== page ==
All the spiritual hunger in the world won’t do you much good if your core group is dispersed and inaccessible. The Jews went through a general in-gathering in the years preceding the birth of Christ. The existence of the Temple in Jerusalem and the requirement that all adult males return to celebrate the Pilgrim festivals of Pesach, Shavuot and Sukkoth meant that those believers who were geographically distant could still keep up with the latest happenings and newest ideas. The passage in Acts 2:9 relating to Pentecost lists sixteen different nationalities, or language groups, present in the city for the Festival who heard Peter speak. Having heard, these people could carry that message (gossip) back to where they’d come from.
It would difficult, if not impossible, to disperse a message across an area consisting of competing kingdoms, city states, petty fiefdoms and territories ruled by war lords and tribal chieftains. This is the primary reason the Roman Empire stalled in its conquest of northern Europe. These are the conditions the Romans encountered as they moved into areas such as Ireland, Scotland, and Germany…areas they never subdued. The Germanic tribes, in fact, inflicted the greatest military defeat Rome ever experienced when they slaughtered three Roman Legions plus six cohorts of auxiliaries and three squadrons of cavalry in the Battle of Teutoburg Forest. Hadrian built his famous wall from the North Sea to the Irish Sea in an attempt to stop incursions by the Picts of Northern Scotland.
Ancient Roman Bridges Are Still in Use in Many Parts of Europe
Despite its problems in the outer reaches of the Empire, Rome unified and civilized a huge area that stretched from northern Africa and the Middle East, around the Mediterranean Basin into the Balkans and across the greater part of Europe. Reciprocal trade relationships connected the Roman Empire with India, China and great portions of the African continent. A single governmental authority meant that travelers could move across the Empire and beyond freely. Such freedom to travel would have been impossible in prior eras.

As Rome built its Empire, it inherited a culture left behind by the Greeks. Most of the Empire was multi-lingual, speaking two, if not three, languages. While the affairs of the Empire were conducted in Latin and the average person in the Holy Land spoke Aramaic, Greek served as a common unifying language that facilitated trade and commerce. Apostles carrying the message of Christianity were easily able to communicate regardless of the locale they found themselves in.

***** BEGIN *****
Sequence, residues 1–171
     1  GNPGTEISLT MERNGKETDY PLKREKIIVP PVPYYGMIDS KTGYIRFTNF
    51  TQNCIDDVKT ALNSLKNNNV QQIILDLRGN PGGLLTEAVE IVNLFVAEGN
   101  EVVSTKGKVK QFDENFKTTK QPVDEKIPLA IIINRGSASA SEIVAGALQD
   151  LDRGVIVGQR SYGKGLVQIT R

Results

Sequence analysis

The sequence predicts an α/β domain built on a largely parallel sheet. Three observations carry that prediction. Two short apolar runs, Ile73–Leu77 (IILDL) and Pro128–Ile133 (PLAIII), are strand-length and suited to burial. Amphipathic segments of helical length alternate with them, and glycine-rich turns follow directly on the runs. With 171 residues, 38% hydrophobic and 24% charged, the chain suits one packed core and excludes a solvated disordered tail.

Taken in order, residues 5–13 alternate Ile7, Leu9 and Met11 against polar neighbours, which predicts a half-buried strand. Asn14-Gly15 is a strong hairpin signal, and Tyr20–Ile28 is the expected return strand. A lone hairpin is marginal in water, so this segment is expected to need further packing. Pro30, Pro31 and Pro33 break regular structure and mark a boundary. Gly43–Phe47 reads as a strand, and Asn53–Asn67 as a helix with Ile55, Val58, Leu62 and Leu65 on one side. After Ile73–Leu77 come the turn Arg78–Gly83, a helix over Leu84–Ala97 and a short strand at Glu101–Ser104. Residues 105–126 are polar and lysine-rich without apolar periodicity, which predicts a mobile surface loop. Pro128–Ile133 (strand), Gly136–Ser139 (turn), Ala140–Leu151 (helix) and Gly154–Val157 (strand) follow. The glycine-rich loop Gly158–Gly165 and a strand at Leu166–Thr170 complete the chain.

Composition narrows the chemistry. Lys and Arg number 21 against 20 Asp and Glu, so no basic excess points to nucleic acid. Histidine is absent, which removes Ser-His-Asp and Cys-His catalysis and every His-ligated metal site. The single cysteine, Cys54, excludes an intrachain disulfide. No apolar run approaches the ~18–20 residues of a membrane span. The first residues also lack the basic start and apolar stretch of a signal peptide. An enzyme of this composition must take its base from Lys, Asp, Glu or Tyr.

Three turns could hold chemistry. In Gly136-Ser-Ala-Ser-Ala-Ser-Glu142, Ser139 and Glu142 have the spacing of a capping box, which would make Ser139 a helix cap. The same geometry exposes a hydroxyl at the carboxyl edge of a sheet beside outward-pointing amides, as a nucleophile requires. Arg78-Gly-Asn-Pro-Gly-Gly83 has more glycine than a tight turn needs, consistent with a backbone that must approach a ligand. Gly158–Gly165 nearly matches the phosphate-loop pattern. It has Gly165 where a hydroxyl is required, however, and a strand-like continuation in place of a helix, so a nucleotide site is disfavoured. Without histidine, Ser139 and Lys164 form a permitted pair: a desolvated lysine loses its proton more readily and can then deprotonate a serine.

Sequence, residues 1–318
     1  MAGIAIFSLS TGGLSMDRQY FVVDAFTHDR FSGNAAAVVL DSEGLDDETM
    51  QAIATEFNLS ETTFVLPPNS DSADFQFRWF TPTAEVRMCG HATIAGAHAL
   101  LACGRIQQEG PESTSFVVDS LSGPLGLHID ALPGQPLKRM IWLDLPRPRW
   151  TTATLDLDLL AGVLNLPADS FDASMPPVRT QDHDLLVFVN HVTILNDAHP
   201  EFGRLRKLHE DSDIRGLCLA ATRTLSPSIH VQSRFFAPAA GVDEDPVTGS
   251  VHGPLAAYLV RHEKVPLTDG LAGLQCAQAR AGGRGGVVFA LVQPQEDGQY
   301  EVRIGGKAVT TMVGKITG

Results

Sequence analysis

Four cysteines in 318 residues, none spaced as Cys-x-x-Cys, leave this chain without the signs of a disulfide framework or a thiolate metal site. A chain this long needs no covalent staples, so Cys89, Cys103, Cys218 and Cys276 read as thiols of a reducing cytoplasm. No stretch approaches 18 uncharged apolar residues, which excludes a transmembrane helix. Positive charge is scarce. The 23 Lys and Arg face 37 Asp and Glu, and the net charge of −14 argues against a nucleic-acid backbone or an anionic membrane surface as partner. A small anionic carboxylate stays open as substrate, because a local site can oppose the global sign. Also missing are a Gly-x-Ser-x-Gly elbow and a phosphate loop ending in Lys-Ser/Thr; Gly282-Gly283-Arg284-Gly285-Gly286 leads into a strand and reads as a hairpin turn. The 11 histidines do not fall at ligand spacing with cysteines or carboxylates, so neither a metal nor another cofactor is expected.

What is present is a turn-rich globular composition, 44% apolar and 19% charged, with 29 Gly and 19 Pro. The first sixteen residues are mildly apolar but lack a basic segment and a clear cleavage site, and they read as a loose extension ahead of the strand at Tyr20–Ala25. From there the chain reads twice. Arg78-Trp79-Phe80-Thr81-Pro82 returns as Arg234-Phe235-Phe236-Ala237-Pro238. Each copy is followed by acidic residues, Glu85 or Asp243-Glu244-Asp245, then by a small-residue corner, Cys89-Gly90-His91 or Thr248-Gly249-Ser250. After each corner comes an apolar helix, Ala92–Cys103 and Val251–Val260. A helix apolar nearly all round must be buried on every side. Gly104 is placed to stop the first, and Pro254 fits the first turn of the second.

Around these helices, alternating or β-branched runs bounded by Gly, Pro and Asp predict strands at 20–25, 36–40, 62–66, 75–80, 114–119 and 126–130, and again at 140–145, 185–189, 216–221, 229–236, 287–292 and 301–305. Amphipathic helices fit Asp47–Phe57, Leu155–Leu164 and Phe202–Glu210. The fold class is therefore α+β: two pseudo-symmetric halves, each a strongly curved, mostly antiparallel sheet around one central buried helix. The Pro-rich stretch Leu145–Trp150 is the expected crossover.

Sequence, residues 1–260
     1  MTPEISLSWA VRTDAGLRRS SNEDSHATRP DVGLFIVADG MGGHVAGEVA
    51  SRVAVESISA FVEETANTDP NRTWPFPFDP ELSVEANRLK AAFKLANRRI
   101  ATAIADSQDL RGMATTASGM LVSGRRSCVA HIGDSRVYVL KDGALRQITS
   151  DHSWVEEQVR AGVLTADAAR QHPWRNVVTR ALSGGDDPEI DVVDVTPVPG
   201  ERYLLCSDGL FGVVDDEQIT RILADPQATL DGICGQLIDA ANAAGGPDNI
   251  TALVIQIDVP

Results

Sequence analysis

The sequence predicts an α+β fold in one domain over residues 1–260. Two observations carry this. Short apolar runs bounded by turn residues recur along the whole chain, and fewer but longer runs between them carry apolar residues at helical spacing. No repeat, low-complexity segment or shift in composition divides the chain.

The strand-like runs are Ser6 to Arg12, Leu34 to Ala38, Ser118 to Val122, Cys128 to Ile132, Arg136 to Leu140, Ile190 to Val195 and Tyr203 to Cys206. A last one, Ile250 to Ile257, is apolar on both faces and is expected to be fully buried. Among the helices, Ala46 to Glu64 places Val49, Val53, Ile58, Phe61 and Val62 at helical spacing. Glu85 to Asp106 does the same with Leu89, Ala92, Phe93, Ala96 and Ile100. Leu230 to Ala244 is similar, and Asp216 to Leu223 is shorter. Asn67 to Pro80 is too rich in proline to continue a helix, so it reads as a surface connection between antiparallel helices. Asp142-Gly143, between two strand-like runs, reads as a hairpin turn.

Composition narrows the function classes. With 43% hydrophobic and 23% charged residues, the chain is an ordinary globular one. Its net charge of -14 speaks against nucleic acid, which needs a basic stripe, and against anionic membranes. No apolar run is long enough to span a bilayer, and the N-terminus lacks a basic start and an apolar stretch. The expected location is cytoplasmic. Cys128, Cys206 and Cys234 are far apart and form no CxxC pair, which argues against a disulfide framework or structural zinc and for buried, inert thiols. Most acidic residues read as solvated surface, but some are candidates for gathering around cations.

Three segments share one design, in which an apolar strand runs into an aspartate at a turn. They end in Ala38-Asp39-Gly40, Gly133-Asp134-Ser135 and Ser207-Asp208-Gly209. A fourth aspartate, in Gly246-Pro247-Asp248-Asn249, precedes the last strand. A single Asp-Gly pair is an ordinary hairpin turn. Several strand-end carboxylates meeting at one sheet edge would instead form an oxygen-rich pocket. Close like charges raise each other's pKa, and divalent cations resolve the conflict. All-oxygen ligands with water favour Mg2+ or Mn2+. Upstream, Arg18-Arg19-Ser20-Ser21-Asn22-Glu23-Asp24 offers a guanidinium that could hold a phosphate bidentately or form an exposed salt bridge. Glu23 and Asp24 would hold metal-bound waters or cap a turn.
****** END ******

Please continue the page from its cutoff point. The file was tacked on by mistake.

As the Roman Empire grew, the necessity to rapidly move troops from one area to another became a necessity. Rome attacked the problem by constructing a network of highways throughout the land. Upon conquering an area one of the first things the Romans did was build forts along the perimeter and link them with all-weather roads of stone block over a base of gravel. Rome recruited its army from the provinces and shifted the men from on region to another. It made good sense not to conscript an army from your former enemies and then go home and leave them in charge, much better to have Britons in Gaul, Macedonians in Syria and so on. As Rome shifted troops, they also disseminated cultural and religious beliefs. The earliest introduction of the gospel to Britannia was the result of the efforts of Christian soldiers stationed there.

It has been said that everyone participates in God’s plan, some willingly and some unknowingly.

Given man’s limited scope, most of the time we find it impossible to see the good that God extracts from evil. It is difficult, if not impossible, to imagine anything worthwhile coming from the regimes of Hitler, Stalin, Mao Tse-Tung, Pol Pot, Idi Amin, et al. And yet, the same thing can be said for Caligula, Nero, Domitian or Diocletian. Even with a 2,000 year perspective it’s still difficult to make sense of the actions of such despots.
And yet God, with his eternal perspective and omniscient power, can arrange the affairs of this chaotic world in such way as to accomplish his goals…in the fullness of time.

Our study of Christmas continues next time with an ancient recipe for a Christmas Fruitcake.
Until then, we wish you Peace and Blessings.